THORNTON, TX (LIMESTONE COUNTY)
THORNTON, TEXAS (Limestone County). Thornton is on State Highway 14 nineteen miles southwest of Mexia in southwestern Limestone County. Settlement at the site began in 1868. The Houston and Texas Central Railway ran a line from Hearne to Groesbeck through the area in 1870, and Cain Hogan settled on Steele Creek just west of the present townsite. The community became a stop on the railroad and was named for John E. Thornton, another early settler.
In 1873 a Thornton post office opened with William L. Wright as postmaster. Soon cotton gins were set up nearby, and Wilson Brothers, a mercantile business, located in Thornton. Ceramics were manufactured from the fine, white clay called kaolin found in that locality. Agriculture was the mainstay of the area. Thornton Institute, an early college, was founded in 1877 by Edward Coke Chambers. He was also placed in charge of the local grade school, which he turned into a preparatory school. He quit both schools and left Thornton in the late 1880s, and the institute was sold to Henry P. Davis. After enrollment dropped, the institute became Thornton School. The Thornton Masonic lodge, No. 486, was chartered with thirty-two members in 1878. Other organizations followed, including the International Organization of Odd Fellows, the Knights of Pythias, the Woodmen of the World, and the Order of the Eastern Star.
By 1880 Thornton had a population of 200, thirteen businesses, and three churches. In 1890 it had a population of 466, steam gristmills, and a local newspaper called the Herald, which merged with the Groesbeck Journal in the 1940s. Later newspapers included the Hustler, the Democratic Eagle, the Topic, and the Press. In 1904 the population was 586, and unsuccessful attempts were made to incorporate. Thornton was incorporated in 1907 for municipal purposes, and W. C. Cayton was elected mayor. During this period the population steadily grew and business continued to expand. In addition to the cotton gins, schools, churches, and steam gristmills, the town soon had eighteen brick stores, a bank, a commission house, a hotel, and electric lights. Between 1910 and 1920 the population count remained at 678. On February 10, 1918, Cyrus F. Smythe landed the first airplane at Thornton, flying in from Houston. By 1926 Thornton had 733 residents, a deep water well, and telephone connections. The total enrollment in the local schools was 259 students. The next year the population reportedly rose to almost 2,000, and another bank was opened in town. By 1931 the population was back down to 739, and thirty-five businesses were located there. Between 1969 and 1989 Thornton had a population between 408 and 498, and the number of businesses was five. In 1990 the population stood at 540. The population was 525 in 2000.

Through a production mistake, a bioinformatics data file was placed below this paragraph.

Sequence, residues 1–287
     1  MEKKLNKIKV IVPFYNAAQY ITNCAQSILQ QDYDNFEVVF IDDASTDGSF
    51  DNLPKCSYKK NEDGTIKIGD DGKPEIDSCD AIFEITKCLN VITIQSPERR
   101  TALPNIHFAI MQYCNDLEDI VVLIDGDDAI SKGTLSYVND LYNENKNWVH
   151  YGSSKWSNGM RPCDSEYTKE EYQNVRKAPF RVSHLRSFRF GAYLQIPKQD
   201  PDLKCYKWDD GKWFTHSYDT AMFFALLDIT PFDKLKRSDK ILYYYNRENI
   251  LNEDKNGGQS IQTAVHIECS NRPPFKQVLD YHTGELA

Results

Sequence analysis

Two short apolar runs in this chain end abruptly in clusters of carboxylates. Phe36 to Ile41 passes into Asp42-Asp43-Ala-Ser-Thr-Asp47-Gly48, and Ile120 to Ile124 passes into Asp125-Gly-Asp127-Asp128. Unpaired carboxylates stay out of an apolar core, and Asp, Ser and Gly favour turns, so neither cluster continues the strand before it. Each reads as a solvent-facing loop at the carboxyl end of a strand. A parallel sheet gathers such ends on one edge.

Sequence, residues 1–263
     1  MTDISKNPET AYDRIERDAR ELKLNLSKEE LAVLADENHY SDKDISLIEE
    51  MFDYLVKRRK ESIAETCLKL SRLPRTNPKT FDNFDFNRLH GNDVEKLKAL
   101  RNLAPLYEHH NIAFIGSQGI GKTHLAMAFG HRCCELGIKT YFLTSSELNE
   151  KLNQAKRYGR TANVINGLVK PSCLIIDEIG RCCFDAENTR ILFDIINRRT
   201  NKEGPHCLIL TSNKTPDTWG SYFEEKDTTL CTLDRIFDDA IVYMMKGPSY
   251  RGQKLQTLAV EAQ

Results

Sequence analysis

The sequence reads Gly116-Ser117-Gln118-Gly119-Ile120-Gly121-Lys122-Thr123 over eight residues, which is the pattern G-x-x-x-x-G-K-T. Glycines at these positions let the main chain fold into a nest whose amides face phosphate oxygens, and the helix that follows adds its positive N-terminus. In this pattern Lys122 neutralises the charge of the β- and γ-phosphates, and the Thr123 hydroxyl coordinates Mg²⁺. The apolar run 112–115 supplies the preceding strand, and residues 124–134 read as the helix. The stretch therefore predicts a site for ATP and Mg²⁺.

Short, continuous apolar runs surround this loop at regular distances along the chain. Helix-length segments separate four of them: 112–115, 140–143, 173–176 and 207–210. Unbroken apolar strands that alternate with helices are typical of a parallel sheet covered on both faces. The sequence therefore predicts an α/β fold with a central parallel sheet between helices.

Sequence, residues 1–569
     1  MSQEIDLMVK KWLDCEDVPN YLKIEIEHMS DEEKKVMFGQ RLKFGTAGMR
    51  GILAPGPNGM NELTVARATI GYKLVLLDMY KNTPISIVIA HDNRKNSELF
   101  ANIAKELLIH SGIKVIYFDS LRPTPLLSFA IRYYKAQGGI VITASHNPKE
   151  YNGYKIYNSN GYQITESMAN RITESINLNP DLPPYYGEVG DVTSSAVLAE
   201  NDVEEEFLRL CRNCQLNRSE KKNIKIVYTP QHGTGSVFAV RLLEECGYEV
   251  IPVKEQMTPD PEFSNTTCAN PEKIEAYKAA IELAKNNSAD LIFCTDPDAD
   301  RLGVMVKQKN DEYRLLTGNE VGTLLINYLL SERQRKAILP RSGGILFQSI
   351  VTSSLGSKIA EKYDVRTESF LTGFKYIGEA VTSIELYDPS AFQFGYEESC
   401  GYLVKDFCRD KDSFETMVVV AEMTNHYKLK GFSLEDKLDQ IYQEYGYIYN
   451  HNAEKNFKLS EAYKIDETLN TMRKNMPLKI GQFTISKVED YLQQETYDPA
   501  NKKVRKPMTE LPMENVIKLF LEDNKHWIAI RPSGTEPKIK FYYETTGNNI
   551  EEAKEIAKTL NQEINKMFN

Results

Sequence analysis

Fred I. Massengill, Texas Towns: Origin of Name and Location of Each of the 2,148 Post Offices in Texas (Terrell, Texas, 1936). Wayland P. Moody, A History of Education in Limestone County, Texas (M.A. thesis, Southern Methodist University, 1930). Kathleen E. and Clifton R. St. Clair, eds., Little Towns of Texas (Jacksonville, Texas: Jayroe Graphic Arts, 1982). Ray A. Walter, A History of Limestone County (Austin: Von Boeckmann-Jones, 1959). Charles P. Zlatkovich, Texas Railroads (Austin: University of Texas Bureau of Business Research, 1981).
The following, adapted from the Chicago Manual of Style, 15th edition, is the preferred citation for this article.Ellen Maschino, "THORNTON, TX (LIMESTONE COUNTY)," Handbook of Texas Online (http://www.tshaonline.org/handbook/online/articles/hlt15), accessed November 26, 2014. Uploaded on June 15, 2010. Published by the Texas State Historical Association.